Draw on sponge with marking pen.  Cut out image with scissors.

Thicken paint or dye on a flat palette.  I use either Jaquard paint (heatset) or Tinsilk Dye  or Dupont Dye  (both steamset) color.  I use sodium algenate to thicken color to a runny paste.

Dampen the sponge to “grow” it.  Don’t saturate sponge with water.

Apply thickened paint to sponge with another sponge brush or a small paintbrush.  Be sure to get paint on all the edges of the stamp.  Don’t get too much paint on the stamp.  You want to see the little holes in the sponge in your stamped image.

Stamp your silk on a clean, flat, hard surface.  If you aren’t stamping white or ecru silk, be aware of what color your combination will result in.  For instance, if you are stamping with red dye on a yellow surface….duh…you’ll get an orange image.

Immediately after the stamp, put the sponge in a bowl of water and squeeze it a little.  Keep the stamp as clean and color free as possible for storage.

Try triple loading the sponge with color for a variation.

Freezer Paper instead of a Stretcher

by Suzanne Knight

This is so easy, you’ll wonder why you ever bothered with a stretcher.

1. Select your piece of silk and cut a piece of freezer paper (found with the aluminum foil and plastic baggies in the grocery store) to the correct size.  If your piece of silk is too big, just cut a few pieces of freezer paper until you can piece together the right size.  They will stick together during ironing, but if you want to tape the back, that is fine, too.

2. Set the iron on wool…NO STEAM.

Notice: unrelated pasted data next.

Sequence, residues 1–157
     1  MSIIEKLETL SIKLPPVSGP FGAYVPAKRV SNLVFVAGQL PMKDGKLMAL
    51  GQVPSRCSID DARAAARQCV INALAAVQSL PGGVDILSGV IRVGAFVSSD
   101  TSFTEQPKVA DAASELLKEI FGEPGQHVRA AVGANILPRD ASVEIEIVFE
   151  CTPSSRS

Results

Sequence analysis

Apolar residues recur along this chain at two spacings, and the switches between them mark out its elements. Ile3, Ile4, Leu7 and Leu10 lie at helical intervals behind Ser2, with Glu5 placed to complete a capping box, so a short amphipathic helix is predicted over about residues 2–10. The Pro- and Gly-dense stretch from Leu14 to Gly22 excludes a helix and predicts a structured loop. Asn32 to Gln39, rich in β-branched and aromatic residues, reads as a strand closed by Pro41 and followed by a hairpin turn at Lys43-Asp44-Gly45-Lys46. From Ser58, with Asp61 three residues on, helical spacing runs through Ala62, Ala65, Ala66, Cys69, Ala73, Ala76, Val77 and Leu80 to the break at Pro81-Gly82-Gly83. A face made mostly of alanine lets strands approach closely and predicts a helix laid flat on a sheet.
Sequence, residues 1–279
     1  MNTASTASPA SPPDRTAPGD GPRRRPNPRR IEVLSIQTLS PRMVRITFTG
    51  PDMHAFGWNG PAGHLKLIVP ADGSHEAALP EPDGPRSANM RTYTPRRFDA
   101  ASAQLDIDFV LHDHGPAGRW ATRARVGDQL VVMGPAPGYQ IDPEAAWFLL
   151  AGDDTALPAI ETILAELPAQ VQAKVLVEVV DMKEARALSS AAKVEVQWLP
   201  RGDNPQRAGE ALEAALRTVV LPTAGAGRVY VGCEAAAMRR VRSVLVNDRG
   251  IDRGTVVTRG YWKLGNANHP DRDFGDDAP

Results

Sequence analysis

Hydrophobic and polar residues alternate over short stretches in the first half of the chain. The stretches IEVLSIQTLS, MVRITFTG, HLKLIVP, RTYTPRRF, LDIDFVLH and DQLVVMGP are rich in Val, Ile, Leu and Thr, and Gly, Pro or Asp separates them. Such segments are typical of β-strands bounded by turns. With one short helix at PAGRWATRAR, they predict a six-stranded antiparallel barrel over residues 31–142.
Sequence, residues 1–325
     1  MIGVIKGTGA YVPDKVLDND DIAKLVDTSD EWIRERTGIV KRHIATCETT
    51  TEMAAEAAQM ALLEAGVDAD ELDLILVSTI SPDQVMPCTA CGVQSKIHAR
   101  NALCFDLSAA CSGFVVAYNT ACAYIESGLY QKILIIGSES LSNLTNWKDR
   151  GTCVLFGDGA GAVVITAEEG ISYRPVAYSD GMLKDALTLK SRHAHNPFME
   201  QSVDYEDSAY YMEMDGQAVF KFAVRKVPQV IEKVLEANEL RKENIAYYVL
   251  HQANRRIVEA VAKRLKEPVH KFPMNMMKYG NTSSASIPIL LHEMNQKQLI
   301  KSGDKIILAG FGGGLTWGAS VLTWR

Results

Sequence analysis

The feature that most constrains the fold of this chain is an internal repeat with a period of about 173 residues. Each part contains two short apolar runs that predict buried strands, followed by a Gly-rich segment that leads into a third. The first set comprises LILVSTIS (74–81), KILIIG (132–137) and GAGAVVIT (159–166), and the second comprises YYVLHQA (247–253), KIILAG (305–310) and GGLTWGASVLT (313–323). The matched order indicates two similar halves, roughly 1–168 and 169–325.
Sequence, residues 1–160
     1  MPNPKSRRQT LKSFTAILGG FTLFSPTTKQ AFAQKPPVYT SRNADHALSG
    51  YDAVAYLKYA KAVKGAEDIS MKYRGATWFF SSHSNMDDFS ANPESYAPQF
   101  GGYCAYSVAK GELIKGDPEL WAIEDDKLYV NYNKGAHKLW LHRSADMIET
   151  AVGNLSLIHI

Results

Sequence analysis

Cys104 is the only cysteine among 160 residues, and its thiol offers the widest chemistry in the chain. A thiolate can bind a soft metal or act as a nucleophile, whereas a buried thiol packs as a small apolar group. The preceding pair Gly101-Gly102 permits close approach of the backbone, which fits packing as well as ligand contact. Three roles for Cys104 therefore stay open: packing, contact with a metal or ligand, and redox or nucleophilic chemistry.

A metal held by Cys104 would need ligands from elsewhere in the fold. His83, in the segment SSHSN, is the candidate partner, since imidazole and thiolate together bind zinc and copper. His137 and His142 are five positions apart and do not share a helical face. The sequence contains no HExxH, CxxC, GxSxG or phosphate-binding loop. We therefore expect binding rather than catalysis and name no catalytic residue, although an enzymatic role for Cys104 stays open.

3.Put the freezer paper down on the ironing board.

4. Lay the silk directly on top of the freezer paper.

5. Iron the silk  to the  shiny/waxy side of the paper.  Put the non waxy side down on the ironing board, lay the silk on top and  press the silk on to the paper. Iron directly ON the silk.  Don’t linger on any one spot, but don’t exactly race either.  Lift the corner of the silk to see if it has adhered to the paper. It will stick to the /shiny waxy side.  If the paper sticks to the ironing board, you have the wrong side up…duh!!!  Not a big thing…lift it off, turn it over and do it right!!!

6. Turn the whole piece over and press the back also.  Same speed.  You should see the paper crinkle slightly.    That’s ok.  As long as the silk has adhered to the paper, you are good to go.  The purpose is to stabalize the piece so it doesn’t slip around while you paint.

If you miss a spot in the middle, the paint may puddle.  If you get a crease in the silk, the paint may crease there too.  You want a smooth surface, so try for no creases or bubbles.  If you aren’t happy with the work rip it off the freezer paper and do it OVER again …that’s ok.  If you get it TOO adhered and silk gets stuck to the paper, it will eventually come off in the either steamer or the wash process.  If you don’t like this process, you can always use the stretcher systems, but I am willing to bet you will love this…..

Oh, If the iron touches the paper, no big deal.  If the paper gets ironed to the board, no big deal.  It’s basically only waxed paper and harmless.